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Tapped Out at Home, FC Barcelona Woos American Hearts, Wallets

  • With 100 million fans, U.S. is sport’s biggest growth market
  • Barcelona’s plan includes youth academies, women’s pro team

Javier Mashcherano of Barcelona vies for the ball with Lucas Vazquez of Real Madrid in Miami, Florida, on July 29, 2017.

Photographer: Hector Retamal/AFP/Getty Images

In 1937, a cash-strapped Spanish soccer team came to the U.S. in an effort to stay afloat during a brutal civil war back home. On what is now known as the “salvation tour,” the club spent three months in North America, playing a handful of exhibitions that saved the team from bankruptcy.

Eight decades later, FC Barcelona is returning to the U.S. in much better shape. The team is one of the most valuable teams in the world, home to global superstars Lionel Messi and Neymar, and its American expansion is critical to the club’s plan to reach about $1.2 billion (1 billion euros) in revenue.

On Saturday the club beat Spanish rival Real Madrid 3-2 in a highly anticipated showdown in Miami. In addition to playing games in America this summer, Barcelona is opening a residential academy in Arizona, part of a wider network of training facilities, and is in talks to launch a California-based franchise in the National Women’s Soccer League. Both of those would be firsts for a European club.

“We want to lead in the project of introducing soccer to more and more young people in the U.S.,” Barcelona President Josep Bartomeu said. “We know that if we teach them soccer, they will be soccer fans, and probably most of them will root for Barcelona.”

Growth Market

It may be hard to imagine the U.S. as a growth market, but among soccer people, America is the object of everyone’s affection. There are significantly more soccer fans in the U.S. than there are people in Spain. And unlike in India and China, America’s internet, television and social media infrastructure makes it easy for teams -- and, importantly, their sponsors -- to reach those potential fans. 

“It’s the largest market in the world in terms of programming and advertising,” said Jim Pallotta, an owner of Italian club AS Roma, which was one of the earliest to push into the U.S. “You have to be here.”

All of Europe’s top soccer clubs have basically tapped out their local markets. Soccer is the dominant sport, club allegiances are regional and there’s plenty of direct competition. Speaking for Barcelona, Bartomeu summed it up: “We cannot have more supporters in Spain.”

Different Strategies

That’s led everyone to the U.S., albeit with different strategies. Manchester City’s deep-pocketed owners bought a Major League Soccer franchise. Bayern Munich, the first foreign team to have a permanent U.S. office, has thrown its weight behind digital video and social media.

AS Roma has been more creative. Roma hosted the University of Michigan football team during a trip to Italy this summer. Then the soccer team spent time training in Ann Arbor and participated in a multi-sport skills challenge against the Wolverines. The point is to put Roma in front of U.S. sports fans who might not have a favorite European team, Pallotta said.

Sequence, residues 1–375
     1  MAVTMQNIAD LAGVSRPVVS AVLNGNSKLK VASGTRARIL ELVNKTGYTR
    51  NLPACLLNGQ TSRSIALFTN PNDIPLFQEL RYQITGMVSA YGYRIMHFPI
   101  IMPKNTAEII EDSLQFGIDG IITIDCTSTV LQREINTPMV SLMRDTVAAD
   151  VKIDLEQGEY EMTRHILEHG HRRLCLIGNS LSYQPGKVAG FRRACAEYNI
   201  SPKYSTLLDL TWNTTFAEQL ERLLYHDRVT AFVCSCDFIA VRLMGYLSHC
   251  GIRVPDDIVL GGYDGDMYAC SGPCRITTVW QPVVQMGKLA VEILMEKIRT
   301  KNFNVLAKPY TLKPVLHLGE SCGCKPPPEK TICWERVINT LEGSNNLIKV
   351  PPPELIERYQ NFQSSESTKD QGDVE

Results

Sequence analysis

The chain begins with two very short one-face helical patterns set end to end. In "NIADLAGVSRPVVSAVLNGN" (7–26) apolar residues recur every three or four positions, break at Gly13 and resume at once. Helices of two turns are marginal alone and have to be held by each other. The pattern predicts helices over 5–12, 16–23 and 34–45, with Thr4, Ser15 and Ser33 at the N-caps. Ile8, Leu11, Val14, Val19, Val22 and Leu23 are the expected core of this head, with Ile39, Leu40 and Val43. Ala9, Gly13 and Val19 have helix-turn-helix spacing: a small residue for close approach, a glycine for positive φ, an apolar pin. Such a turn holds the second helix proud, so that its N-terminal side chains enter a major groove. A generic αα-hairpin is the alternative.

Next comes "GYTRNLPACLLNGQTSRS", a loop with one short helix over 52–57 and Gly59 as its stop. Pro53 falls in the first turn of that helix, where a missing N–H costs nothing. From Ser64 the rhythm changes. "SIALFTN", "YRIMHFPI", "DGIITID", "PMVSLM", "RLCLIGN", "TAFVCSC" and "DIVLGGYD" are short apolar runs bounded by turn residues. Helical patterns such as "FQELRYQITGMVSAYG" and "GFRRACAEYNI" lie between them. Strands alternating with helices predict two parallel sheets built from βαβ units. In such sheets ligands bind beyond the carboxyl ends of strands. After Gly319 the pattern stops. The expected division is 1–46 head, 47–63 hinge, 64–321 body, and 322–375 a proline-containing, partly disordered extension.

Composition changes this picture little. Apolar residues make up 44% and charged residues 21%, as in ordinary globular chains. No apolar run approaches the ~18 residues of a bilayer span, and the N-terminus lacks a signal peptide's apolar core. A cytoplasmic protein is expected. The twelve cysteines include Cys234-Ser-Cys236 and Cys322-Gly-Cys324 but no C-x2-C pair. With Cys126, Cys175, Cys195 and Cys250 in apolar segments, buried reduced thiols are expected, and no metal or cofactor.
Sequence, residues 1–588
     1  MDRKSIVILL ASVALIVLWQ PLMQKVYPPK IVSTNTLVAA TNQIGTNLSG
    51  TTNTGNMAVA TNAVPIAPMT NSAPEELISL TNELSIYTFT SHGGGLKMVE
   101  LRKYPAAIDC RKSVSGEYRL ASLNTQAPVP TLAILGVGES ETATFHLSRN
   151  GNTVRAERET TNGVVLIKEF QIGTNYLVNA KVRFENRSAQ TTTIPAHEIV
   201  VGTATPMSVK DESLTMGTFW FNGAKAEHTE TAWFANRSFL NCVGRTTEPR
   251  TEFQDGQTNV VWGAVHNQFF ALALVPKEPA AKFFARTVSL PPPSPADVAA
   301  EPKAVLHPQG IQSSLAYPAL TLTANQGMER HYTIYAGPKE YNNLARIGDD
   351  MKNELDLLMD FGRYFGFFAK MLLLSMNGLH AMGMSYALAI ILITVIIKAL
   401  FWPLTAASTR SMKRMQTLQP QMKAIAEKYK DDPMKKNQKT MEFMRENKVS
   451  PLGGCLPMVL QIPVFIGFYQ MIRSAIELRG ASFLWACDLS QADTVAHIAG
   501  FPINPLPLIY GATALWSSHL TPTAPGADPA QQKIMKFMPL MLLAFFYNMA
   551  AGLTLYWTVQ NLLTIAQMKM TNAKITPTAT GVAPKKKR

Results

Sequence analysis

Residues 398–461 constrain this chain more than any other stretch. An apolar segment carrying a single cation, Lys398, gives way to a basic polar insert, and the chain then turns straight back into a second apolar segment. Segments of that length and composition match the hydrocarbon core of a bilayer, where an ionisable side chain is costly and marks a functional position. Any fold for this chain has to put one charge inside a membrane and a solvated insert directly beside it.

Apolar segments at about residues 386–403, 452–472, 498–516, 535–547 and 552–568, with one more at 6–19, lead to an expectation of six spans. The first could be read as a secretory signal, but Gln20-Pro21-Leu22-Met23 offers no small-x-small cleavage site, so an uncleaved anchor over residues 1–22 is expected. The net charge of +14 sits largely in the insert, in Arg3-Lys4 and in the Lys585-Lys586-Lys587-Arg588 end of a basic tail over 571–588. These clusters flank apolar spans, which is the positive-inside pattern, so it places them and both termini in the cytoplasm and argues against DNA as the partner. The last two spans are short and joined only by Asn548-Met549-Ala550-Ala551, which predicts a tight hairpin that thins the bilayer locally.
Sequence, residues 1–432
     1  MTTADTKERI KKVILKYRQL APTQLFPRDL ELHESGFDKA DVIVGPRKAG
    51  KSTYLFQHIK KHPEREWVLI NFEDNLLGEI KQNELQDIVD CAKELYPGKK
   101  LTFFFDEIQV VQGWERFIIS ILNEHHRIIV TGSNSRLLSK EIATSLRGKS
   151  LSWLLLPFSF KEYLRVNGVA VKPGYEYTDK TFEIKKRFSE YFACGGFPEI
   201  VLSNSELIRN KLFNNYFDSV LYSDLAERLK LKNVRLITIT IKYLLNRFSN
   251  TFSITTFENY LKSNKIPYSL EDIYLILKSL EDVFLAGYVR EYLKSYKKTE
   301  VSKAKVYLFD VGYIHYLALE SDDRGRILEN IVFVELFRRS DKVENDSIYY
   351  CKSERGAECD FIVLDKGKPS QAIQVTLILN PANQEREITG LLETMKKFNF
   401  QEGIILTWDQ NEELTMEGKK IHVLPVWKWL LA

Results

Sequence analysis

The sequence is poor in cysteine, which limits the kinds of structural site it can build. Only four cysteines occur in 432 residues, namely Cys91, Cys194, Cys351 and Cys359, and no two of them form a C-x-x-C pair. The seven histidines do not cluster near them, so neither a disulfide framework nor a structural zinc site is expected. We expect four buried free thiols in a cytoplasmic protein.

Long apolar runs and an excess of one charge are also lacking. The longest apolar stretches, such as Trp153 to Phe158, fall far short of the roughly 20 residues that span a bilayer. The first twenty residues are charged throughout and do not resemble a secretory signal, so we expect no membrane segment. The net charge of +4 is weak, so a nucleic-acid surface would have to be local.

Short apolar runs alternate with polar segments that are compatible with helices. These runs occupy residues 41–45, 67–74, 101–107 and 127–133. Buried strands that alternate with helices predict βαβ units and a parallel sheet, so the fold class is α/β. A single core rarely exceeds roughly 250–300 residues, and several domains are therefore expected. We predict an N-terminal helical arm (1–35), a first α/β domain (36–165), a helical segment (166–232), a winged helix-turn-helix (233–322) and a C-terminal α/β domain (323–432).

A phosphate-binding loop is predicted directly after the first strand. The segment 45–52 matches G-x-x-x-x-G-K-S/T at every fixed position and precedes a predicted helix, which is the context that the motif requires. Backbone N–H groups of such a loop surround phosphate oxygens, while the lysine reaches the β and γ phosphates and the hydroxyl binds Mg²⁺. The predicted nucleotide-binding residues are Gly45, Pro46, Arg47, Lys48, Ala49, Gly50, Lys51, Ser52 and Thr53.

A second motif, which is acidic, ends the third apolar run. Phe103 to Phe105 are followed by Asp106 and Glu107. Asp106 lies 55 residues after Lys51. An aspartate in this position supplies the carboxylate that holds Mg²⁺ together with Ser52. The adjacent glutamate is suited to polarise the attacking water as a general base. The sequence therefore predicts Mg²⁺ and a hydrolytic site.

These teams also play in the U.S. during the offseason, earning appearance fees for the clubs and giving American fans the opportunity to see their favorite players live. The International Champions Cup, a multicity tour, pays its top clubs around $5 million a game, according to Gilt Edge Soccer Marketing founder John Guppy.

Barcelona’s July 29 win over Real Madrid, in front of a sold out crowd in Miami, was so hyped that one local columnist said it might be the biggest sporting event in the city’s history, which includes Super Bowls, World Series games and college football championships. Real Madrid’s July 26 game against Manchester City in Los Angeles drew 93,098 fans, a record for a soccer match at the Coliseum.

TV Deals

In addition to playing in America, all clubs are jockeying to make their league games easier to watch. That’s easiest for teams in the English Premier League, which has an expansive deal with NBC, and harder for teams like Barcelona, whose games air on Al Jazeera’s beIN Sports. That said, no team appeared on U.S. TV more in 2016 than Barcelona’s 78 total matches, according to Gilt Edge.

By becoming popular with American fans, clubs get more valuable to corporate sponsors. Japanese e-commerce company Rakuten recently agreed to pay Barcelona $64 million a year as its jersey sponsor, a deal that hitches Rakuten’s future in the U.S. to Barcelona’s growing appeal here.

“How much is a big company willing to pay you for being your jersey sponsor? Part of the answer to that is how you demonstrate your relevance in major markets around the world,” Guppy said. “Investments in the U.S. just strengthen your story to future partners.”

As a blueprint, Bartomeu points to Barcelona’s Hong Kong office, which opened in 2013. The office helped secure the Rakuten partnership and now accounts for about 22 percent of the club’s marketing revenue. Bartomeu says that the club’s year-old New York office can eventually do better.

All that will be critical for the club’s goal of reaching $1.16 billion in revenue by 2021, a 51 percent jump from its $770 million revenue in fiscal 2017. By that point Messi, 30, will likely be retiring, the global soccer landscape will look a bit different, and Barcelona may be searching elsewhere for its next big opportunity.

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